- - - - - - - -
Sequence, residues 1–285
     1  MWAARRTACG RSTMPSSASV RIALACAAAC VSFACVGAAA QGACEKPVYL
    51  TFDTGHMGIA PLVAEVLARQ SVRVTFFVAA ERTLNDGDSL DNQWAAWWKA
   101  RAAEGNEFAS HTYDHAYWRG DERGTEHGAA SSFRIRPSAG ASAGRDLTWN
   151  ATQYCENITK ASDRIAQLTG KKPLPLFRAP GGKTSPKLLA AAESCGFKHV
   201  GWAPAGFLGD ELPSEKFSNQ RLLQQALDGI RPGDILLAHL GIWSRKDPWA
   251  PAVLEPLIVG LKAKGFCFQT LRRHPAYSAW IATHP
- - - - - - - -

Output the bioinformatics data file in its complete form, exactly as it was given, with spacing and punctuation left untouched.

Sequence, residues 1–285
     1  MWAARRTACG RSTMPSSASV RIALACAAAC VSFACVGAAA QGACEKPVYL
    51  TFDTGHMGIA PLVAEVLARQ SVRVTFFVAA ERTLNDGDSL DNQWAAWWKA
   101  RAAEGNEFAS HTYDHAYWRG DERGTEHGAA SSFRIRPSAG ASAGRDLTWN
   151  ATQYCENITK ASDRIAQLTG KKPLPLFRAP GGKTSPKLLA AAESCGFKHV
   201  GWAPAGFLGD ELPSEKFSNQ RLLQQALDGI RPGDILLAHL GIWSRKDPWA
   251  PAVLEPLIVG LKAKGFCFQT LRRHPAYSAW IATHP